A year ago the Predators won the first two games of their opening round series in Anaheim before returning home and promptly losing games three and four to the Ducks.
It's history they do not want to repeat as they return home tonight with a 2-0 lead for game three of their first round series with the Blackhawks.
"Two wins won't get you anything," Predators defenseman Mattias Ekholm said. "Our crowd is going to be excited and loud and we need to let them give us the advantage."
It should be a sizable advantage with 17,113 fans decked out in gold and smelling blood against the rival Blackhawks.
But it was an advantage that was muted a year ago when the Ducks got an early game three goal to take the crowd out of the game, and rode that momentum to wins in game three and four to tie the series before it shifted back to California. While the Predators ended up winning the series in seven games, it's a path they would like to avoid.
"I think any playoff experience helps," Predators coach Peter Laviolette said. "But the main thing is we need to play well in this game."
The Preds expect the Blackhawks to play desperate hockey after losing the first two games of a series on home ice for the first time since it's core group of stars have been together. It's a group that's won three Stanley Cups and rallied from series deficits on multiple occasions.
"We have guys who can rely on that experience," Blackhawks captain Jonathan Toews said. "Now we can just relax and play our game and hopefully put the pressure on them in their own building."
That's why the first goal of game three will be key. Bridgestone Arena is going to be ready to explode when the puck drops shortly after 8:30 p.m. If the Preds score first, the snowball could start running downhill on the Hawks. But if Chicago scores first and silences the crowd, all bets are off.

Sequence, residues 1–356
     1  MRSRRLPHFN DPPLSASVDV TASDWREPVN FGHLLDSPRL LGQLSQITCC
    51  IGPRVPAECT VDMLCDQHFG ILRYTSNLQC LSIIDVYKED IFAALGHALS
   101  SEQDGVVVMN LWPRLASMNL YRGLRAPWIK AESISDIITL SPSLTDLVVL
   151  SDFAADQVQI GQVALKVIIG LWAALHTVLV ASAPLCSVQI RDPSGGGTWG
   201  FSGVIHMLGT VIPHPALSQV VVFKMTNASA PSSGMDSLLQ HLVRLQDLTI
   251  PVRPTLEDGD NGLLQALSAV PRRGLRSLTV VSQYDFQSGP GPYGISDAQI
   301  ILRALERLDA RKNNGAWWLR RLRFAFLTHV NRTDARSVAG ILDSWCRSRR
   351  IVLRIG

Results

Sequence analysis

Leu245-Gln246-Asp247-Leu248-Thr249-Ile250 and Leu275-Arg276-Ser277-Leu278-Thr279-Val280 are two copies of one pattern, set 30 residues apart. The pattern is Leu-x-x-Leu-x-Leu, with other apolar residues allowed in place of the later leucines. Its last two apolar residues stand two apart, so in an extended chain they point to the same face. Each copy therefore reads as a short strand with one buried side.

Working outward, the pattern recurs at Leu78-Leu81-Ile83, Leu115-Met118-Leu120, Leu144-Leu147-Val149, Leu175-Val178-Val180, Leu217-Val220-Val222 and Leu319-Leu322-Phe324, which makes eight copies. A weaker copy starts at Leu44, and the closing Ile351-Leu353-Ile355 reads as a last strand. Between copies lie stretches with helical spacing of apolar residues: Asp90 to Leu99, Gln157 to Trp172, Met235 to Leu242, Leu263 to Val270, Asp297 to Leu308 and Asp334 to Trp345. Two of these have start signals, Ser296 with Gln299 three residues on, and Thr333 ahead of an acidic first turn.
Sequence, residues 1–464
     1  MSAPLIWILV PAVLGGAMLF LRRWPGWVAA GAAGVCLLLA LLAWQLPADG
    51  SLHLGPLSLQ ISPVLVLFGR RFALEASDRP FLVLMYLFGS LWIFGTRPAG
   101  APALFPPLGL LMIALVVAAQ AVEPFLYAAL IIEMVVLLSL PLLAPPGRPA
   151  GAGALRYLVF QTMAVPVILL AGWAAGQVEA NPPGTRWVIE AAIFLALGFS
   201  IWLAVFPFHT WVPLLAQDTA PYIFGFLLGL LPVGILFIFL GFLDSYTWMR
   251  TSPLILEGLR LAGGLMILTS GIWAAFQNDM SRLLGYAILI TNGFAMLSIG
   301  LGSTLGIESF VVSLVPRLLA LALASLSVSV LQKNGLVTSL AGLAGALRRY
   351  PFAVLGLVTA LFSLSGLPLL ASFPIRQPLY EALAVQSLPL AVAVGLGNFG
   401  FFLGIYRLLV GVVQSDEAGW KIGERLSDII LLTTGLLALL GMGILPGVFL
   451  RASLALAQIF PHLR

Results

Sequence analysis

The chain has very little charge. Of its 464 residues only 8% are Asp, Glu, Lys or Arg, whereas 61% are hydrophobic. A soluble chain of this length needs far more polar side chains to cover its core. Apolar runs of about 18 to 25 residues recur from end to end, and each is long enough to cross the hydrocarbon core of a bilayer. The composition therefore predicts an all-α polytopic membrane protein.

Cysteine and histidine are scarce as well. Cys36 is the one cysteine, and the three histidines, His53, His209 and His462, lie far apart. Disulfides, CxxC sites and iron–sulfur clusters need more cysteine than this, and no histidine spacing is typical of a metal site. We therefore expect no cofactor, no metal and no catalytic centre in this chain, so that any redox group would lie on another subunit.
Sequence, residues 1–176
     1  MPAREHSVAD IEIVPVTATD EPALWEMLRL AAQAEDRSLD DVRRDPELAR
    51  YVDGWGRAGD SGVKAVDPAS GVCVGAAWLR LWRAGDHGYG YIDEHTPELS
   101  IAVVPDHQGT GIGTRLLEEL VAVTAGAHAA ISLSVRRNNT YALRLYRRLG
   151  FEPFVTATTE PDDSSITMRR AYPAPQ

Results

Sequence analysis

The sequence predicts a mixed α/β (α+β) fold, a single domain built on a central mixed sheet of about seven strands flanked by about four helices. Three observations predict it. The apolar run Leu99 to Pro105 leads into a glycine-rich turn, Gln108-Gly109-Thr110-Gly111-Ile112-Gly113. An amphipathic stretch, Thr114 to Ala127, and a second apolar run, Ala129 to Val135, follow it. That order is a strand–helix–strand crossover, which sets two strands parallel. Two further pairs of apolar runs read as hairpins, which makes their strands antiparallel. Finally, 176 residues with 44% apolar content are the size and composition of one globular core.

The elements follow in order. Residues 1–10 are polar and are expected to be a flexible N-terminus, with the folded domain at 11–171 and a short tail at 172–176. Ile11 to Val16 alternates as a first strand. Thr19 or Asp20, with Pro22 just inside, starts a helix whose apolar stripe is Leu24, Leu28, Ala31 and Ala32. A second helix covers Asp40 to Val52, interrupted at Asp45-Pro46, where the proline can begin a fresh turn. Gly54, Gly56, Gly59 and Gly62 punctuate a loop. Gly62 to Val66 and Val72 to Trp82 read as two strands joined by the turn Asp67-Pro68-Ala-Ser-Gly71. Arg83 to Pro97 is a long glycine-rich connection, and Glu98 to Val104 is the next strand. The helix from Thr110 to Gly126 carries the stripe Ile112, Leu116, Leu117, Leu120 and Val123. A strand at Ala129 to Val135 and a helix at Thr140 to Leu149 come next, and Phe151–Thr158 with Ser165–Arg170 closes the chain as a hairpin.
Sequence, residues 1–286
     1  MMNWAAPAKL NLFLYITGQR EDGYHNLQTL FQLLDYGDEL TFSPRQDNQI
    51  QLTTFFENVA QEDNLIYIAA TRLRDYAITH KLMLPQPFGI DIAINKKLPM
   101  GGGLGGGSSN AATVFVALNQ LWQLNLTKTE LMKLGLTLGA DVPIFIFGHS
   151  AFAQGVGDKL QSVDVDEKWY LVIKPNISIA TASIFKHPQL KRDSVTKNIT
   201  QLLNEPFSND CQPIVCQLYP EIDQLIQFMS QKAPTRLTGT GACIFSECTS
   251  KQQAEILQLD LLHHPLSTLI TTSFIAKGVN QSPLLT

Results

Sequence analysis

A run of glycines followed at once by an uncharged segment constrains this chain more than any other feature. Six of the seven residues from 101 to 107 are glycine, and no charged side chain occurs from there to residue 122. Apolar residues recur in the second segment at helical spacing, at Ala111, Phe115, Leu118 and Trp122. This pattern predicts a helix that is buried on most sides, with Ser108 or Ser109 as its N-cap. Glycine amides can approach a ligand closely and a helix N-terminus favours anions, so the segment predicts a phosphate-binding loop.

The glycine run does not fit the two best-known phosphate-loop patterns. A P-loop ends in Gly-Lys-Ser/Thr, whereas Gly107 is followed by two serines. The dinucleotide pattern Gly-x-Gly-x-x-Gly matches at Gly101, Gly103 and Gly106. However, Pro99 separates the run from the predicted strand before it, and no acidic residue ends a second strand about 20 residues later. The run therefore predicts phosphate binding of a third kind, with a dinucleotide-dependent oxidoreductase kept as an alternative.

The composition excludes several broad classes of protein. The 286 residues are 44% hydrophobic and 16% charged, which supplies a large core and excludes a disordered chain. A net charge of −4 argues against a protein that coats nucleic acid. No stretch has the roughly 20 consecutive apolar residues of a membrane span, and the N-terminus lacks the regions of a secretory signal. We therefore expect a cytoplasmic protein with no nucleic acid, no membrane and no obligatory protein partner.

"If we can win tonight it's a 2-1 series and we're right back in this thing," Blackhawks star Patrick Kane said.
And there's a huge difference between a 3-0 and a 2-1 series lead. Only four teams in the history of the NHL have rallied from a 3-0 series deficit, while teams have come back from 2-1 down more than 30 percent of the time.
The Predators are in control of the series right now. A win in game three could all but wrap up the series, while a loss would put them back in a dogfight with one of hockey's most talented teams.
"We learned (last year) that you can't have any let up," Predators forward James Neal said. "We know they're going to be desperate and we're going to need to match that desperation to win."
The best lessons in life come from experience. The Predators hope it was a lesson well learned.